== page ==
Only in the more “granular” detail in the coverage could I find the sinful “breach of etiquette” that Trump supposedly committed, the one and only specific thing Trump was accused of revealing that he shouldn’t have: “the city in Syria where the ally picked up the information about the plot.” Supposedly, by naming the city, Trump gave Russia an “important clue about the source of the information,” and raised “the fear” that, with the name of that city, Russia “could disrupt the ally’s espionage efforts” against ISIS. [my italics]

Another bunch of woulds, coulds, and fears that.  After reading this, even I was flabbergasted at how thin this gruel was—and how desperately the media and politicians were trying to make a meal out of it.  Republican Bob Corker was quoted about how “compromise[ing] a source is something you just don’t do,” and Democrat Mark Warner about how “inexcusable” it is to “risk sources and methods,” despite the fact that the reports themselves indicate Trump did neither of those things. If it was so terrible for Trump to name a city in Syria to the Russian Foreign Minister in a private meeting, how terrible was it for the media to publicly inform ISIS that they might be harboring a spy in a Syrian city?

In other words, this coverage is another stream of insinuations about what Trump kinda, sorta, but actually didn’t—but the articles themselves did—do.

As Marcy Wheeler aptly put it:

So multiple people learned of this event, and went out and leaked it (which is illegal to do for most anyone besides the President, the WaPo helpfully notes), not just with the WaPo’s two reporters, but with reporters from Buzzfeed, NYT, WSJ, and more. They leaked it to reporters who they presumably knew would then report it, alerting the frustrated ally that Trump had shared the information, which is a blow to that relationship, and also alerting the frustrated ally that they then proceeded to go leak it more.

And it’s all based on the blithe assumption that Trump telling Russia about dangers to civilian aircraft is worse than the American media itself informing ISIS about a spy in their midst.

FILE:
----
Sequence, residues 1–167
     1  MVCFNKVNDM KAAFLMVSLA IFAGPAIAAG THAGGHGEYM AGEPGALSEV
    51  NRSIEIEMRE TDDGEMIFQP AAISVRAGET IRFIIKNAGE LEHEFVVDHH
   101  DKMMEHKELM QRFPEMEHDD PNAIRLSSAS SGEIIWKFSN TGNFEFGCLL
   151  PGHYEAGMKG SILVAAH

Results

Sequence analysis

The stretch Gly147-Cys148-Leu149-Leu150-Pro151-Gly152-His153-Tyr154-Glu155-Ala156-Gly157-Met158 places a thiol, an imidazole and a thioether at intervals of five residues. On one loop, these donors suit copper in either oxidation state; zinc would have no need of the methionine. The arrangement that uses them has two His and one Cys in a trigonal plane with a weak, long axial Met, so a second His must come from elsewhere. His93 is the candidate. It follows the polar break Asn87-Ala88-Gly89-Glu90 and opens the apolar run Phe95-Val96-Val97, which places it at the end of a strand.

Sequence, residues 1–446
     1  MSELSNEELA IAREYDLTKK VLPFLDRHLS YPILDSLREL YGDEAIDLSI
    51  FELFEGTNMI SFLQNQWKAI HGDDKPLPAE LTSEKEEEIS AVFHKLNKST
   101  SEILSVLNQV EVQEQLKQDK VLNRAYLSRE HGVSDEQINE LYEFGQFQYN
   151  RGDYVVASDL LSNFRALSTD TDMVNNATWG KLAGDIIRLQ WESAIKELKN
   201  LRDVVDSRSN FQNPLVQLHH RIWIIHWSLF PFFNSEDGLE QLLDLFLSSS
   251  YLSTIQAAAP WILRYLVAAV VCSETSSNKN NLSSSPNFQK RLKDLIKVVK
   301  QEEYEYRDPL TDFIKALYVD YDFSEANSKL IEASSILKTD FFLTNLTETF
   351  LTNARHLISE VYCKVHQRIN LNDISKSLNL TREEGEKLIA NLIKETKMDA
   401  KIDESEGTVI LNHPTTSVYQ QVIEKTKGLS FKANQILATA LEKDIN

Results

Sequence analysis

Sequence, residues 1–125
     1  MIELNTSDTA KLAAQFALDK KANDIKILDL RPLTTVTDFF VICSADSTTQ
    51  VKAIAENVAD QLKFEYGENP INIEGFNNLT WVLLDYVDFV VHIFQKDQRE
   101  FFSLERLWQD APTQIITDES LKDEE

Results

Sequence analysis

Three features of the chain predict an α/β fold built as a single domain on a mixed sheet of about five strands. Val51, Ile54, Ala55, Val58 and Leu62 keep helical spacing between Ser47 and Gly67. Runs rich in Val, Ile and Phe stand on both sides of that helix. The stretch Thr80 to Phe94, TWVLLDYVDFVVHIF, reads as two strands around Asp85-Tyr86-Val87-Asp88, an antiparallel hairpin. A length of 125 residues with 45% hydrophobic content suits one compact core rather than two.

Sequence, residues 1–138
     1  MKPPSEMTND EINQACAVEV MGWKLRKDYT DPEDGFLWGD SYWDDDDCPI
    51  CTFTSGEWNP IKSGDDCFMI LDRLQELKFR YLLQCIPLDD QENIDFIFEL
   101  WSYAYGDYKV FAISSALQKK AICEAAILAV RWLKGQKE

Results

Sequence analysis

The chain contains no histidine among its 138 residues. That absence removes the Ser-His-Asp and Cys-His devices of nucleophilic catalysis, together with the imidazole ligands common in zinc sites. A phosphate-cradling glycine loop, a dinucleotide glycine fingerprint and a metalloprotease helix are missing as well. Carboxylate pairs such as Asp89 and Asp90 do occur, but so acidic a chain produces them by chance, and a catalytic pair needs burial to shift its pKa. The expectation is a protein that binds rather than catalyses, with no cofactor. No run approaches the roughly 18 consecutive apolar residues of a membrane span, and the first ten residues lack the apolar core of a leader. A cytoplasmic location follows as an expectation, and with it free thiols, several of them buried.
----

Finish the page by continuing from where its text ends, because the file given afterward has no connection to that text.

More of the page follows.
It seemed obvious to me that its main purpose or these stories was to continue fomenting antagonism with Russia, and to perpetuate the notion, taken up enthusiastically and disturbingly by liberals, that the main problem with the omni-incompetent Donald Trump is that he is too friendly with Russia.

Combined with the other fear-mongering article about the North Korean missile test featured on the NYT, I thought media project for the day was to keep the war drums beating, and I was prompted to begin writing something about that.

Then I noticed (thanks to a tweet by Max Blunenthal) that Alan Dershowitz had called the Trump-betrayed-ally’s-secrets-to-Russia story “the most serious charge ever made against a sitting president.” It had been evident to me, in reading the coverage, that there was only one “Middle Eastern ally” (or ally of any region) which has the chutzpah to “warn” the United States “it would cut off access to…sensitive information”—while itself stealing, with impunity, America’s most closely-guarded secrets. As Newsweek reported in 2014: “Israel has been caught carrying out aggressive espionage operations against American targets for decades… They just don’t get arrested very often.” (Also see herehere, and here). There is only one ally about whose “compromise” Republicans and Democrats would be so unanimously concerned, and certainly only one who would have prompted the ridiculous charge by Dershowitz.  And within an hour, the NYT confirmed, again via a “current and former American official,” that Israel was the ally in question, the source of the “secret intelligence.”

So now we have the American media explicitly revealing to Russia, ISIS, and the world, the supposedly key piece of information that Trump was being excoriated for even implying.